An interesting area to explore in regards to this technology is the human anatomy. If you were in an accident or any life threatening type scenario this technology has the potential to save your life and those around you. The ability to get real-time live feedback regarding a serious medical situation is quite profound and much better than any viable solution at the moment. You could then see which body part was affected or visualize ways in which to treat or assess the situation.

Another intriguing scenario is if a patient walked into the doctor’s office, and the general physician was wearing this device, he or she might be able to see how many miles you ran, or what you have been eating, just from looking at you. With the rise of electronic health records this idea could easily become a reality.  This technology would greatly benefit the medical field and the learning associated with gathering large amounts of data. Giving doctors the ability to see and evaluate real time data derived from EHR’s would greatly benefit the patient as well as making treatment that much easier. Ideally this could be the starting point for new groundbreaking ideas, especially when it comes to learning how we interact with modern medicine and the data associated with it.

Augmented reality is just taking its first steps into the consumer world, and the possibilities associated with this technology are fascinating. Whether it will be a huge commercial success has yet to be seen, but its potential is unavoidable. Microsoft is taking a big gamble, and if all the pieces fall into the right places, then they will truly change the digital landscape. They are reshaping how we see and interact with the world around us. As eLearners we understand the concept of learning online and off, but now there are viable solutions that combine both worlds. Hopefully this will fundamentally change our understanding of eLearning. Only the future will tell how these types of devices will pan out.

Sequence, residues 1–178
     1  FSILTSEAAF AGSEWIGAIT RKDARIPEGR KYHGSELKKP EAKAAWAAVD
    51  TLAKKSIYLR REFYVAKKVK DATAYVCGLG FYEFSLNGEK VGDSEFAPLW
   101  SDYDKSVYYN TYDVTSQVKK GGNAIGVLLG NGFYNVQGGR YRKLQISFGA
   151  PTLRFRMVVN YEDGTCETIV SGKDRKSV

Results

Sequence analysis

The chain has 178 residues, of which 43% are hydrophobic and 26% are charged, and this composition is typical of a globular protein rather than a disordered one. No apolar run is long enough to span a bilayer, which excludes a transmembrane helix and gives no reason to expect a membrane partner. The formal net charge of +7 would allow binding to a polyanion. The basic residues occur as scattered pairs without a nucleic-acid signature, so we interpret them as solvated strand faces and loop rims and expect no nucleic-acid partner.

Augmented Learning 101: QR Codes

I’ll bet that when you encounter the phrase ‘augmented learning’ you get a mental picture of a person, wearing a high tech set of goggles or a helmet, with an expression of opened-mouthed, rapt wonder on his/her face. Right? That’s augmented learning. Right?

Well, I’m not sure that’s what augmented learning looks like today, and that’s what we’re exploring in this three part series.

But first, a definition from the Wikipedia:

Augmented learning is an on-demand learning technique where the environment adapts to the learner. By providing remediation on-demand, learners can gain greater understanding of a topic while stimulating discovery and learning.”

Based on Wikipedia, could the humble QR code be an augmented learningQRCodetool? Try it for yourself: Take a look at the QR code on the right hand-side of this page. If you have a QR code scanner app on your phone, activate the app, point your phone’s camera at the code, and see what happens. If you don’t have an app, no excuses. It’s a free download from any app store.

So. Did you scan it? If you answered yes, congratulations! You just learned something. And, you just participated in a very basic form of augmented learning. Really.

What is a QR code?

Simply stated, this boxy collection of dark- and light-colored blocks connects the physical world to the digital world. And that connection is where the QR code works its magic: any user with a mobile device equipped with a QR code reader has instant access to the associated information. The code itself connects your device to the information designated by the code, and launches the appropriate app on the mobile device to obtain that information.